Emile Laurent, the professional skateboarder and suspected graffiti artist, was caught in February after he was spotted tagging a Chinatown wall by employees of a neighboring strip club.
He and two others fled the scene, but cops chased him down. Laurent, 22, was caught red-handed.
“Emile Laurent had fresh red paint on his hands and white specks of paint all over his face, shirt, and pants,” according to a police affidavit establishing probable cause to search Laurent’s home. The affidavit was reported earlier this week by KGW. The manager of Spyce Gentlemen’s Club identified Laurent as the tagger.
Laurent denied the crime, but police found what they say is his distinctive tag, “Tendo,” scrawled in 4-foot-high letters on the cement wall of the Oregon Leather Company across the street.
The police issued a warrant for his arrest last weekend and he turned himself on Monday. He was released later that day under a supervision agreement that allows him to travel to Europe prior to his next court date in December. His attorney, Bridget Donegan, declined to comment.
It wasn’t the first time Laurent had been caught.
Three years earlier, in December 2018, a man reported two vandals tagging the wall of the Sandy Boulevard Rectal Clinic in Kerns. Again, Laurent ran but was caught. His partner, accused of being a lookout, pinned the blame on Laurent. So did the police, who watched as a spray can fell out of his pocket.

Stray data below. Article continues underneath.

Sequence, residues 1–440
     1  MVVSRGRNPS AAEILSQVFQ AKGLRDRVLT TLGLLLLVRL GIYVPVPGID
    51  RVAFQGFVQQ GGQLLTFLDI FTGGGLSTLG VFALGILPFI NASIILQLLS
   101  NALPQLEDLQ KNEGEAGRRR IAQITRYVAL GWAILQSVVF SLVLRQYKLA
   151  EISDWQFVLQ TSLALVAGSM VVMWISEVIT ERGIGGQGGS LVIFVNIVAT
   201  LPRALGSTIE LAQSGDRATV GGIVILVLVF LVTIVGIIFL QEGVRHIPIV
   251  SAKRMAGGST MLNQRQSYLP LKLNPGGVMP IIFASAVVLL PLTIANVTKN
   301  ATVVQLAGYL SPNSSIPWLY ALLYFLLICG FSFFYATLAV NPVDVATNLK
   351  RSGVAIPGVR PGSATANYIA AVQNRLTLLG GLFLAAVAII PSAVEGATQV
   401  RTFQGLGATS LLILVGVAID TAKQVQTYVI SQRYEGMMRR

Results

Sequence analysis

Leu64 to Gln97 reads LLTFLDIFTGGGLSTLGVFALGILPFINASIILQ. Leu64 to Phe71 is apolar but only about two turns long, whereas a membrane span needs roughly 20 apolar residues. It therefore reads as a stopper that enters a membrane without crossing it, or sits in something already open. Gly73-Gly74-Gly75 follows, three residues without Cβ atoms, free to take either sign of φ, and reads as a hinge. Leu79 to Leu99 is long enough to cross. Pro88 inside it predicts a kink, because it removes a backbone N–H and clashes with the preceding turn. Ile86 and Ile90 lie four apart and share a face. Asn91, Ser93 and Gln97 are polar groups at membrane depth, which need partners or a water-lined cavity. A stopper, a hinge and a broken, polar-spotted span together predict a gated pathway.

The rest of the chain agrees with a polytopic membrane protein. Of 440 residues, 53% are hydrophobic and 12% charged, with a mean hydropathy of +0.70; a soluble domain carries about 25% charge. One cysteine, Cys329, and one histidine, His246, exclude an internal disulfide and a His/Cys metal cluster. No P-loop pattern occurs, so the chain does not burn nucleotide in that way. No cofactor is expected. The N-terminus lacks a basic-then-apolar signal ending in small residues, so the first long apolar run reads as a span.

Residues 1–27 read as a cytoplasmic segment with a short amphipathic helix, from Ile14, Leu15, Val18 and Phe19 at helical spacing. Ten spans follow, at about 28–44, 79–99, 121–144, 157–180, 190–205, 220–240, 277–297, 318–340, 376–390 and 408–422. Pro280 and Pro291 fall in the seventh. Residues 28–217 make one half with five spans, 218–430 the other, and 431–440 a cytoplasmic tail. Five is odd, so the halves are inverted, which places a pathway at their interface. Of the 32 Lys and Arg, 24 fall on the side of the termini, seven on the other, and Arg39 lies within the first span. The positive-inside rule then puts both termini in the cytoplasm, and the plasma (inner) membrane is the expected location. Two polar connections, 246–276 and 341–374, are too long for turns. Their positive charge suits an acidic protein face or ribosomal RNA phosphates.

Laurent, who was wearing a black hoodie with “Nintendo” printed on the sleeve, said “he was making art to impress a girl.”
He was arrested and released. The charge of criminal mischief was dropped.
Following the 2022 incident in Chinatown, however, the cops investigated further. They hunted through city and state databases for reports of similar graffiti tags and documented several dozen other instances of “Tendo” being scrawled on walls, sidewalks and street signs.
There was one on the metal awning of Mary’s Club downtown.
Another, on the garage door of Floyd’s dispensary in Northeast Portland.
And on the wall of the paint manufacturer Sherwin Williams.
In their affidavit, the police pin the vandalism on Laurent, arguing it is unlikely to have been done by copycats or a group.
“The reason ‘taggers’ don’t copy each other’s monikers is because such action would only garner fame for the tag’s originator, not the person attempting to copy it,” the police say, noting that taggers will “physically fight” anyone who threatens their territory.
Officers searched Laurent’s home in April. They found over a dozen “practice pads” with Laurent’s “Tendo” tag in his bedroom. There were spray cans in the basement laundry room and a black paint-splattered “Polar Skate” jacket in the mud room.
Laurent is an acclaimed skateboarder who is sponsored by the Swedish apparel company Polar Skate Co. He remains listed as a member of the company’s team on its website, which features a photo of Laurent ollieing off an air-conditioning unit. Polar has not returned multiple requests for comment from WW.